SATURDAY, 'APRIL 181936 - f PAGE FOUR THE ALBANY DEMOCRAT-HERALD, ALBANY; OREGON available to widen the local sec ONE MOMENT, TLEASE tion within the next year? Old Time Albany CuUrxl at Altxor. Vmn, poaleffUa W Experience of the past 'gives adequate ground for the predic hnMm MIL Mtr UUM trmm b4 KEA Nm rvtf. bUblbM ltU. By Fred P. Nutting. tion that no less than six persons will be secrificed for lack of funds An exclamation escaped Toby's lips. "A baby daughter," Hillyer went on, "whose father was never told of her existence. A daughter who today is a grown young woman." Toby forgot that the story had been told in the third person. She said excitedly, "And have you found her? Have you really found her?" Hillyer nodded. "Yes." he 'said. Kditan asd PublWhm L. Jtektou 4 B. R. CiMbit to eliminate the "death trap," al though money is being lavished on DELIVERED T CAIftlE roads that are not blameable for Will Richards, veteran supe.-in- t Young, Maor Jas. L. Cowan, Mr. tendent of the Veal Chair factory N. H. Allen, secretary and manager and leading socialist, says we made of the splendid electric light sys-an omission in our account of the , tern, Hon. J. W. Cusick, Claib H. early day St. Charles Hotel fire. Stewart, of -Stewart & Sox Hard-Billy, then a boy, wai there, and ware Co., D.. B. Monteith, of the ura rfninit his cart In Duttina cut I enterprising real estate firm of Om rr, la tin U ll (t aMatla, Is arsM , f.li any deaths. ' . ' X ( TO I; MO THAT WAR j lit VICTORV Y I PReTTVSOOM f Vf ( IS IN SIGHT, ) y Of NOT? A Sit Om bwMIl ! atona .......... 4 IT MAIL I've found her." His voice ud- WHY THOSE CHIPS Llaa. Bwtaa, ktuira, Um Ml (.ball Perhaps a better understanding denly was edged with husking I the obstinate fire by going up to Curran & Monteith. J. Lyndsey "Oh littfe Tobv don t vou know" 'ne P. where In his maneuvers Hill. M.D.. Councilman F. M. un, lime looy, Oun I you Know . u . 4,rt ,hinu u Vrpnrh C. E. Browne II. rorBr- aaath. of Europe's drifts toward war may be gleaned from an anecdote re Om mm. la a4"a It.H ti Malta, la 4M I.M (To Be Continued) - "l "EI , u r Y,n'P n f. V Aliin rnt J VUIIIU(rU iaUi iunn.tvua . w - w j escaping without any serious in- Clerk N. V. Payne. Sheriff Matt our rmmhranc of lhe'Scott. County Recorder E. E. Da- cited by Lincoln Steffens in his TkiM awalM, la Mnut 141 Om mmI. la M "Autobiography," revealing an in 9f Mall llmkm-a 11.11. Om Mar, la a4aa ............ UH cident of the Versailles treaty nc- fire is that nearly everybody pres- vis. School Superintendent C. F. ' ent endeavored to do the com-! Russell. A peculiarity of the pic-'manding. Anyway the result was tures is that every man had whis- LATE BOOKS AND TIIEIR CONTENTS li BMWth. la adM 1.71 Om BMBta, la JH gotiatitons, - - Cynical old Clemenceau of In favor of the fighters, inciuning ners or a mousiucne. ui mose Billy Richards. mentioned the only ones now alive,' Pat ar, m train 4 HaU4 . . .M Ja arAM-iiM akaafaa af iitm tubwri France, it seems, came up to Wil n koala' al-nva ' aid M aa M MbM Dallr Xiwpt luadan A WORLD DIVIDED IS A in the earlier days, even after a .Stewart and F. M. French of this WORLD LOST By Hendrik hnnk hud been established here, 'city, and Chas. Brownell, of Aber- son and Lloyd George one day and said that, since there had been so TM Diwural-HaraH Fabltahiaa Ca, la laatpraant Atoraaoa Nawipapa Willem Van Loon, New York: some people used all manner of.decn, Wash. Of the wives of that much talk about peace, he would like very much to know If they Ct Natwaal AiW really wished to establish an en hiding places for their money, of- time now living are Mrs. E. E. ten a very poor bank. At the end! Davis, Mrs. F. M. French and Mrs. of First street was the mill and, Charles Curran, three worthy citi-warehouse of of John and William 'zens, attending to the duties of life Crawford. Uncle Billy generally fafter 43 years. during, unbreakable peace. Did NOT ENOUGH MONET they, in short, mean what they said about it? looked after the mill and warehouse, and John the water works and personal affairs, of an exten The state highway commission In connection with the subject of postmasterships it will be of interest to know something about With one accord, the other cosmos ruDiisners: jiwo. Review by Charles Alexander This little book is the first offering of a group of businessmen interested in economic pamphleteering. The publishers hold, perhaps biased by their own pleasure in the discussion of world affairs, thai the presentation of important subjects can be entertaining. In "A World Divided" Van Loon's theme is the interdependence of nations. A thousand men from 27 countries said at the plant to complete the South San statesmen said they did. And sive character, one coia winter Steffens' story goes on: tiam highway and eliminate the 'Tangent-Halsey "Death Trap" as 'Very important,' M. Clem day an employe at the mill had (the different locations. W. Kirk seme very cold hands, so he put -Price seems best able to give as them in a bin of oats. The further definite information as it is possl-down they were pushed the warm- j ble to secure, and is probably cor-er they became. Finally he reached rect. Kirk's earliest remembrance enceau muttered, as if convinced ; as if the whole prospect were . soon an it has enough money, a local delegation was told Thursday when Jit pleaded before the commission for t completion of thf. bottom, where he felt a roll is before the civil war, he thinks about 1860. At that time, E. A. Freeland was postmaster, and the of paper, which he pulled out, and changing, and his whole policy. 'Very important. We can make this a permanent peace; we can Paris International Chamber of; there was 11200 in naoer money these two projects. , remove all the causes of war and , The South Santiam highway was on the road map which was set up new causes of war. - Commerce convention that the ; investigation revealed the fact that world must trade on a fair and Uncle Billy had hid it there, friendly, basis to gain prosperity John Crawford was quite f orget-and peace. Van Loon, with, the ful about affairs. One day an em-simplicity and sincerity thatjployee, who was going to another marked his World History, shows mill for a, better opportunity, gave that the -"world is lost", unless it (him $9.00 In silver, and some notes follows this course. As in the he had been looking after. These 'It is very, very important compiled two decades ago, at the time the state highway program was outlined. The law effecting what you say, what you have so long been saying, M. President. the road program was supported We now have the opportunity to were out in a drawer in the desk, make a peace that will last for works that have brought him fame, Van Loon uses his own inimitable illustrations. location or the office was in Free-land's furniture store and undertaking establishment at about the site of the Foshay St Mason Drug store. Mr. Freeland was probably postmaster awhile in the 50's. Previous to that the mail was looked after jn some store or ship, an indefinite fact. Kirk, who was a youngster in 1860 or thereabouts remembers one day being in the post office at Freeland's when a man named Gilmore entered the store and began yelling "Hurrah for Jeff Davis." This caused a turmoil among the several there, mostly republicans, and a' good sized row followed, causing a good deal of feeling. , . It was all fistic and tongue ever, and the French people will be safe. And you 1 are sure you propose to seize .this opportun and the key given to Mr. Crawford, after the desk bad been locked. It was put on a big ring of keys and kept by Mr. Crawford. Eight years afterwards he remembered about the notes and asked the former employe, who was the late Jim Pirje. about them, and he was told ity?'" SIX DECADES BACK By Chas. Shirley Walgamott. Illustrated by R. H. Hall, Caldwell, Idaho: Caxton Publishers: 1936, $5. ' youngsters it did. 'They did, they emphatically did- Early Idaho had the Old Ore- "Mary wasn t at all like the other girls the boy had known. She was quiet, almost shy, with a they were in a drawer in the desk. "Clemenccaeu clucked In his gon Trail with its cavalcade of , MlCrawford said he had lost the throat; he pressed tight down the sweetness few mortals attain. He emigrants the Snake River gold k and couldn't get in. The ring mines, railroad construction camps, I . k., aRwt for and th one wrestling. Freeland in 1871 retired fingers of his gloves. 'And you nn . 1n U-ri nnJ AA.t..ll tkai J . . i ' I l : U .1 : 1 worshiped her, and she accepted this worship and returned it. You see, they were both so young. Piti have counted the costs of such a BY LAURA LOU BROOKMAN peace?' he asked. lauic uctua, aim vviituaiij ' i Wanted W8S among them, ll Un" tioiior Ul JUS uiuviiri-lil-ww, irrigation projects which made , iocked the drawer, and there were 'Perry Raymond. The office was the desert blossom. But it was i B the notes wanted and as well ! moved across the street for awhile, never an easy land, never gave t the $9.00 neatly wrapped. The and when the Odd Fellows Temple itself readily. It beckoned only to ' rfmwor hadn't bwn onened durinaiwas completed in 1878, the office fully young. He was 19 and she CHAPTER XXXIV The dinner had ended and they "There was some hesitation at by the Linn county delegation only after there had been in corporate In It the assurance that the South Santiam , road would be among the first completed. And now, after all those years,, and after hundreds of thousands of dollars have been tied up in this project, it remains practically use : leu because a scant five miles remain yet unfinished. : ; During the last several years work on the South Santiam project has been advanced just a few miles annually. As completion has neared the bites taken out of the remaining uncompleted sections have become smaller and smaller. Now It begins to look like those last few miles may require two or three years more to build. , . . Meanwhile many other lateral highways, some of them not even dreamed of at the time the South Santiam road was projected, have , beet rushed to -empletion. The that. 'What costs?' sat with coffee before them. Hill-yer took a cigaret from his lips the hardy and adventurous of- the eight years because he couldn't I was moved there, remaining there " 'Well,' said the French Intelli was two years younger. "Of course, they were foolish, but they were "little more than children. Two weeks from the day they Xirst saw each other they ten the lawless. . "It was the most wonderful summer in his life " " I Hillyer stopped- For an instant !Toby thought that he had forgot-I ten her. Suddenly he smiled apologetically. "I'm afraid I'm -being I rather long-winded about this, but I hope you'll forgive me,' I told you I didn't know exactly how to and rested it on a tray. gence, 'if we give up all future wars if we are to prevent war, "It's long story," he repeated, and it starts before you were were married. It was an elope born. Toby. More than 20 years we must give up our empires and all hope of empire. . You,' Mr. find a key on the ring that fit the several years untu removed to drawer. about the site of the Hall Floral Mr. Crawford had a sister, Cath-1 shoo, in a building owned by Dr. erine, never married, genuinely J. P. Wallace, which was its loca-Irlsh. After she had died, in the tion until the completion of the bottom of the mattress of her bed, present building, in March 1915. was found- $800 in Rold twenties, I At one time the office was locat-the safety vault for the old lady, ed on Second street at about the Coming here with very little, the site of the Hooker Electric shop. These people are gone now. But C! S. Walgamot knew them: Indian Tom, Buttermilk Joe, Diamond-field Jack, Scotty the Terrible among the romantic; S.. B. Milner, I. B. Perrine, Governor Brayman, among the men of influence. Three hundred fifty-eight pages Lloyd George, you English will ago. It's about a boy who grew up in a little New England town. A place where nothing very impor tant ever happened unless ytu have to come 6ut of India, for example; we 1 rench shall have to come out of North Africa: and ment and both misrepresented their ages. Mary's visit came to an end and she went back to the older sister, with whom' she made her home. They'd kept the marriage a secret but after a while it came out. They boy's parents declared he had ruined his entire future. There were terrific arguments, scenes, tell this story." "Go on," Toby urged. "I'm interested.' i i a ' She was. There was no need to ask questions. It was, quite Obvir ously, the story of Hillyer's own boyhood he was telling.. count the most important thing of all, men and women living useful, hard-working lives, raising fiim- of anecdotes brings these charac Crawfords, by packing, mining ana in various ways got a fine start financially, later increased in local enterprises. you Americans, Mr. President, you must get out of the ' Philippines ters back. All the close-ups (they were known to the author, not mined out of the records) 'are ilies and teachin gtheir children to be conscientious and honest and Barber and Beauty Work for the Entire Family At Popular Prices There was a brother Robert, and and Puerto Rico and leave Cuba strung in somewhat historical a sisier, mis. rwaie yie. Buvi ni-links. Thus we have a composite riage. The late John Simson and nt h ..ri h.,ri-hnriw Hav a Mrs. Woodcock of CorvBlhs were ML Hood Loop and' the Wapinltia Cut-off; the McKenzie and Crater I "Well," he went on, "as I said, that summer, driving the laundry wagon was the most wonderful time in this boy's life. Not the job Lake highways crossing the Cas Walgamott saw them, rather than j Jhi'dren f a sister oi the Craw a studied, complet histoncal can- i1."'1, has shown us . As a boy of 18 Walgamott toss-1 P a PElrU? j0',' 1 1892. It was illustrated peculiar to cade mountains, have all been completed since then, each because some highway commissioner or other had an interest in this or on the laundry wagon. That had nothing to do with it." He paused again; then, looking at Toby, he continued. "It was a girl- She was a little thing, no bigger than you are, Toby. She had hair about the color of yours, too. Beautiful hair. She wore it in a Hair Cutting Permanent Waving Hair Tinting Finger Waving Marcelling etc. OC7 ana wu.,r 5 the times. There was a general pic- S i Th nTlle? He'" r0m Bent0n C0U"- ed the stage for The Dalles. He howj h bHd bei built swung off Win. lnH Idaho. That two steamers navigating the Wil-was in 1875. Thtr iaa began than jlamette and tne Three Sisiters a. Llf! ?. no"Me experiences. . looming up in tnt. stance. A First rich in its friendships. He recalls , street seene with horseSi wagons the golden hours now, with rug-jand trucks rughing along, one ge simplicity and humor. i driver wearing a stove-pipe hat. The Oregon Trail is practically ( Xhe fine Baltimore block and "the the theme of the story. As once all . Albany public school building," roads led to Rome, Walgamott ! wjth a fence around the block, says of the trails and roads of the which was what is now called Ta-vast sagebrush country: 'All enah park. led to the Oreeon Trail." i Prnminont Ki ic in fuse mon cVlAun unselfish. Have you ever been in New England, Toby?" "No. 1 neve rhavc." "Then there's no use of my mentioning the name of this town or telling you where it is. That isn't important any way. But this boy was born there, and he grew up about like most boys. Not much better or worse. He weht -to. grade school and had the measles and chicken pox, and belonged to a gang that used to have battles with another gang. He went swimming in the summer . and ice-skating in the winter, "When he was older his parents sent him to prep school and then to college. He wasn't particularly interested in his studies, but he was out for football and managed to make the team and stay eligible. Football was about the only thing he -really was interested in. He'd never paid much iit-tention to girls ut home unci he didn't in college,' either. "The summer he was 19 tin boy's father decided he should ro to work. So, Instead of going off for the usual trip to the seashore with his parents, lie stayed at home and got a job driving the delivery wagon for a laundry. WALKER'S Barber .and Beauty Shop 215 Lyon St. Phone 679-R alone and Mexico. V 'Oh, we can all go to these and other countries, but as tourists, traders, travelers; we cannot any more govern them or exploit them or ave the inside track In them. We cannot possess the keys to trade routes and spheres of influence. And, yes, we shall have to tear down our tariff ,,- walls and open the whole world , to . free trade and traffic. Those are some of the costs of permanent peace ..... .It is very expensive, peace." English premier and American president, says Steffens, looked at each other and explained that they hadn't meant to go quite that far. And then Clemenceau banged the table with his first. "Then," he said, "you don't mean peace- You mean wur. And the time for us French to make war is now, when we have 'sol-one of our neighbors down; we shall finish him and get ready for the next war." As "background stuff for this new war whirh is getting closer and closer to the boiling point, this little anectdote is worth a good deal of thought. j braid around her head, and some-i times she wore a ribbon at the back. . . I "She didn't live in this town I'm telling you about. She came 'there to visit another girl. I for-; got to tell you her name? didn't' I? !it was Mary. One day when the boy was making his rounds with ' the laundry, he knocked, at the i door of a house to deliver a pack-! age and there was Mary! t "I don't know whether or not ; she was beautiful. The' boy thought I she -was the most beautiful crea-'ture in the world. He fell in love I with her, then and there. Love at first sight just as the heroes and heroines in stories fall in love, just as lots of people will tell you can't I happen in real life. Maybe it I doesn't happen often, but for those There is a frontispiece in color j mostly singly, scattered through You'll Enjoy all these advantages nn 4.. 11 11, . . 1 . . I. ana ou juu-Jtuse uiusuuuih. me paper were; wmcn we sue as Old-timers will- revel in this designated: Geo. E. Chamberlain, t the , . reminiscence, and we wno were Dr. G. W, Maston, J. canning, that road and had no interest in the Linn county project. Now the North Santiam road is to be completed this year, leaving .the southern route among the last, in- stead of the first, to be built. Meanwhile also successive highway commissions have constructed the Tillamook road and Salmon River cut-off, the Newport and Alsea highways; the Siuslaw, Rose-burg - Banton and : Drain-Reeds-port road all meritorious, to be sure, but none of them , having precedence over the South Santiam on 1 the legalized highway map. Many other roads throughout the state have also been added to the program. And now they are building the Wolf Creek and Wilson river roads, partly with state funds that should have been expended upon the South Santiam. For all this, of 'course, the present highway commission cannot be blamed, foi- most of the injustice is the work of predecessors. Nevertheless the present commission ia duty-bound to make good to the best of its ability the born 30 years too late can put : C. G. Burkhart. Recorder N. J. ourselves in Walgamott s place Henton, Chief of Police J. N. Holland see it with him. 1 man, Y. W. C. A. Secretary H. W. E.A.F.Kf Man9cr MOTE I I PORTLAND, OREGON Modern and fireproof. Restful roomi. Desirable surroundings and location. Exccllentdinirtg service. Popular rates: European Plan Soo. with bh, 1 BEHIND THE SCENES IN WASHINGTON BY RODNEY DUTCHER William This Curious World Ferguson perion. 12 nd t. Two pcrsoni, $i nd up. American Plan Room, wih btth, 1 fcnoA. S4 nd up." wo ocnem, $4 50 and yp. KOAC Radio Program I ; . i FiRmmS Awina m i i' rmmii iu two ninutrt driv troai ...IM BOLIVIA... AT THE. TIME OF THE SPANISH CONQUEST, ABOUT 3CO.OOO LLAMAS WERE Itsj USE, CARRYING SILVER FROM THE FAMOUS Monday. A aril 20 harsh words spoken in anger. The parents, no .doubt, were right from their viewpoint but the boy was right, too. He couldn't make them see this. The law, parental authority, everything was against him- He was packed off to Europe for six months." "But did he go?" Toby asked. "Did he go and leave Mary?" The cigaret had , died and Hillyer rubbed out the ashes. "Yes, he went. You know, I've always thought ; it strange how people With the highest principles can shed them when they're convinced they're doing something . lor a righteous cause. Or when they want to believe that what they're doing is righteous. This boy's parents promised that if he would go abroad lor six months, he could come buck and rejoin - his bride and receive their blessing. It was on this promise tHat he went away. "Do you know what happened? The minute he was on the boat, the parents started action to have the marriage annulled. I told you Ryry was a trusting little thing as unselfish as anyone who ever lied. They persuaded her that the marriage was a handicap to the boy, told her that if she a agree to the annulment, she could marry him later after he'd, finished school and they would welcome her into the family. "Mary's sister the one she lived with agreed to this. She considered 'the secret marriage a disgrace, and I guess she made this plain .to Mary.". "But," Toby asked, 1 "the boy came home, didn't he? What happened then?" "When the boy came home it was too late Mary had vanished as completely as though she had never lived.'' "You nu;an he never saw her again?" "No. He never saw er again." "Is that thcend of Xhc story?" .' Hillyer shook his head. "No. The story has taken a long time in tellings Toby. In actual living, it has fatten years. Part of it has come to light only in the last few d.iys. While I was away on this 11 ip. Events of this sort are like jig-saw puzzles there's a piece nere and a piece there to be litted together. Alter you have enough pieces in place, the finished pattern begins to take form. You have to get them in the proper order oe lore you can make anything of the picture." "but tell me the rest," Toby said eagerly . Perhaps if the boy had been older or wiser instead of the boy-he was, he might Tiave found his Mary and the story might have had a different cnduig- He didn't find her because Mary tnd her sister and the sister's husband hud moved to another town." "And she didn't try to find him?" . "Site couldn't. Toby. Within a year Mary was dead." hillyer paused again. "That," he continued, "w,t li years ago. A long t.me, isn't it Mary died when her baby was born." pledge which the state made to BY RODNEY DI TCHER j against kc has been that It had t: Krrtlr trmpNlriit I neglected to use Its powers, was WASHINGTON The majority j much too lenient, and fiivored pro-ami minority opinions of the moter8 as against Investors by fall-I' S Supreme Court In the case ins to Insist on f ull H ut li in regis, of th -Securities nd Exchange tratlon statements. Commission and J, Edward Jones) Wall Street applauded the work were really very spectacular in of Joe Kennedy as SEC chairman, their Implications. j and warmly greeted appointment of Search" the court s history and his 'ssor. Jim Landls. That vou ll find no instance where so 'e "on for the common belief many observers felt the court had ' ler that the court was just letting gone leaping over so many fences, ofr steam. to enter a field which had nothing j Th bMT Pnt betweea conserv: to do with the case before it. Jtie and liberal "justices only be-Lawyers and laymen here. comes more Intense Btroi.5 funda-mends' and enemies of the New j '"' drencM of opinion, to-lvul alike, think the conservative Heatedly expressed ntl wi I, ,,. ... . .... rrpflclnp nrlriitv nrnltahlv itn Hit. Linn county 20 years ago. Then there is the Pacific highway bottleneck in Linn county, again. On this lethal road Du re have been more than 200 acci poTosr MIMES dents since last spring. Two six-man majority neuoeraieiy . -- took the occasion to bawl out by Inference Senator Hugo Black's lobbv committee, which has been; AAA checks totaling somewhat loaa rliflu fUlflll U'ard .,nt ..it., nn the nan for neekins at people's' 9 a. m., Homemakers' Hour; 10. Music; 10.15, Guarding Your Health; 10:30. Music; 10 45 KOAC School of the Air 10 45 German; 11 The Story of Oregon; 11:15 History in the Making: 11.30 Hijth School Rudio Guild; 11 45, Music; 12, Noon Farm Hour 12:03 News; 12.15 W. S. Averill' viuestions I Hnve Answered"; 12 40, Market and crop reports and weather forecast. . 1 p .m.. Music; 1:15, World Hook Men; 1:20, Music; 1:30, Programs on Parade; 1 45, Music; 2, Lesson in Spanish; 2:30 What the Kduca-tors Are Doing; 2 45, Maude Prutt Lewis; 3. In the. World of Women J"Our Woman Ambassador Ruth Bryan Owen" by Althea Bruhl; 3:30, Music; 3:45. The Monitor Views the News; 4. Musical Stories; 4:30, Stories for boys and girls. 5 p. m., On the Campuses; ft:30. Music; 6. Science Stories; 6:15, Dinner Concert: 6:30,' Evening Farm Hour 6:30. Oregon Prison Association: 8:45, Market and crop reports and weather forecast; 7. F. L. Ballard: 7:15. W. L. Powers "Drainage and Soil Management"; 7.30. 4-H Club Meeting; 8, With Oregon State Engineers American Institute of Electrical Engineers; 8:15, The Book of the Week Alexander Hull; 8:30, The Oregon Loggers; 9-9:15, United Press News. ' telegrams. It referred to "unlaw-! Allan H. Hoover, San Francisco, ful searches and leisures." "arov-lfor a reduction of sugar produc-tiiie. Inquisitorial Investigation," jton- and so on ' employes say the recipient The court majority's departure!" ,he pf ,,orn,er fwMdem PUn to stay awhile when you visit th NW Exposition... TWi 6i til d tl- OCCAM from custom In itolug so far afield Hoover. It Is also reported, thus far without official substantiation. BELOW A DEPTH OF OASML, much to see in San Dieo RATES is considered by many to be so tin- " ' . J. r ,"J 'IX'that Herbert Hoover himself I In- CEAAAINS PRACTICALLY CONSTANT IN TEMPERATURE, CEGARDLESS OF LsATTTUDEl hundred were marked by blood -colored ragx. (We note that since publicity was given to these markers they have all been taken down). Possibly as many more accidents, some of them also fatal, occurred on that treacherous 8-mile section of road, for the markers were placed only where , traces were left. When the ground was dry or frozen not a few accidents left no traces. By far the most of these accidents were due to faulty construction of the road. Surveys looking toward remedying this trouble have been made, we are told, and rectification will come "as soon as money is available-" Yesterday the highway commission awarded the contract of an undercrossing at Oregon City, costing $289,416. How many lives would be sacrificed at that crossing during the next year if the money or even a small part of it had been diverted to the "death trap" in Linn county? How many Jives will be lost if no money is to'Sl, Ics .StolshiB I. the opinion of ' rmln corporation Justir. Cardoso, dissenting, with ! hi s'v" "gar ' nd Itraadei and Mont. whl. h accuses j "eat benefit checks, the majority of giving "Immunity' , . . .J... . ... w mm. aa BRAZIL GROWS ABOUT OF THE WDRiD'S COFFEE. to guilt." encouraging ."falsehood 1 I ' " . " " "' " " to fiehf i the e!analitMi una evasion,' anu mining inej iinliiing and unscrupulous to. gam ble with detection." you get for the ' adminitrat ion's failure to date to insist on Koine processing taxes for farm products in the new tax hill. Koosevelt .i .... ... 1 . 1 ,, , I, tmm mmm m J k .. -JLsJ!' r.4,1. i iAA 1 'HE' fa't that the Securities and! 'asked for such taxes, at lower than fpHE 1 Exc hansi! Commission, which itsrari()ll fBtaW Kit tllFli-flimif I laa f im r m uancl. mc 4 bad refused to aJlow Junes to with- jof ,he !I(U.:t XtYn 4nJ Mfau. diaw a registration statement, Committee threw them overboard object of th majority's lashing The chief factor in tH abandon-ibaiges of arbitrary and unreason- lent the extreme uiiopulari:v able l.u t.f power lias Its amus-0t profinj UxM imos ci(y Cl;. lug at well a lt unusual aspects. ,umer In manv Srea. 4 RELIEF WORKER HERE Marion Bowen. representing the state relief committee, was here yesterday consulting with local relief headquarters regarding renting in connection with the new old A!.L ovr thf vorld. from thi tort l.I len-s to the Art tlrs. ec-an mati-r below the one-mlWi vtatitl at a le nnvttur a little above that uf tb treeilug ioiut vl ftvtn ur age assistance plan. Htit'vfore the only chajp directed Kce8),iiht. is:. MiA srvlc. !; ) i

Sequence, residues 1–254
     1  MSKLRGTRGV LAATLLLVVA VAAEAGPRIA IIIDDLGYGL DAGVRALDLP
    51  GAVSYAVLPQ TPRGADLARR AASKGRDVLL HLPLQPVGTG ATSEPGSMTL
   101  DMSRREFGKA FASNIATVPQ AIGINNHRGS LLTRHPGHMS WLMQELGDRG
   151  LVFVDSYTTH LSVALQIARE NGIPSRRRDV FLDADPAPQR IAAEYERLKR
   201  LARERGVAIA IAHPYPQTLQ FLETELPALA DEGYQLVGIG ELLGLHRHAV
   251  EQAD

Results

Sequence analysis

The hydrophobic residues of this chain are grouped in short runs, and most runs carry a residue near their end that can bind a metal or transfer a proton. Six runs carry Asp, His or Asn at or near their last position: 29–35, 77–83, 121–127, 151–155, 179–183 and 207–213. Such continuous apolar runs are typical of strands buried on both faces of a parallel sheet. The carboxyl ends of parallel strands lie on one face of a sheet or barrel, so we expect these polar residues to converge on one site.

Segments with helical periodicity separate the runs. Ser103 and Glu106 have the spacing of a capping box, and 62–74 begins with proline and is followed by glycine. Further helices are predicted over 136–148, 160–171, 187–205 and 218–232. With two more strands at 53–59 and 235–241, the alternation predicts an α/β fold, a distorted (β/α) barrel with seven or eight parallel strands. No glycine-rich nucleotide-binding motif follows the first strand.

What members have found on this page

Get access to Newspapers.com

  • The largest online newspaper archive
  • 8,600+ newspapers from the 1700s–2000s
  • Millions of additional pages added every month

Publisher Extra Newspapers

  • Exclusive licensed content from premium publishers like the Albany Democrat-Herald
  • Archives through last month
  • Continually updated

Try it free